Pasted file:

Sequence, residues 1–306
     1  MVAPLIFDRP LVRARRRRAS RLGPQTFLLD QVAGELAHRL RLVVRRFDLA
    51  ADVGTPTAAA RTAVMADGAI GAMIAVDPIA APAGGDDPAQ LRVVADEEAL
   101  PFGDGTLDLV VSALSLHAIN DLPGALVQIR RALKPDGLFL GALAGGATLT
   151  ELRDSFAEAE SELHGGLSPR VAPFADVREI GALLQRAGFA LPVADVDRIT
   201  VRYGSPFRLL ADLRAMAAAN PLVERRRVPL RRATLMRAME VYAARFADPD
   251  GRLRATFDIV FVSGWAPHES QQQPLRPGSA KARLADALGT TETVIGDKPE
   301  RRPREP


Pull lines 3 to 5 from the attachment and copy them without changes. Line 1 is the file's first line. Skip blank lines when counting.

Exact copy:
    51  ADVGTPTAAA RTAVMADGAI GAMIAVDPIA APAGGDDPAQ LRVVADEEAL
   101  PFGDGTLDLV VSALSLHAIN DLPGALVQIR RALKPDGLFL GALAGGATLT
   151  ELRDSFAEAE SELHGGLSPR VAPFADVREI GALLQRAGFA LPVADVDRIT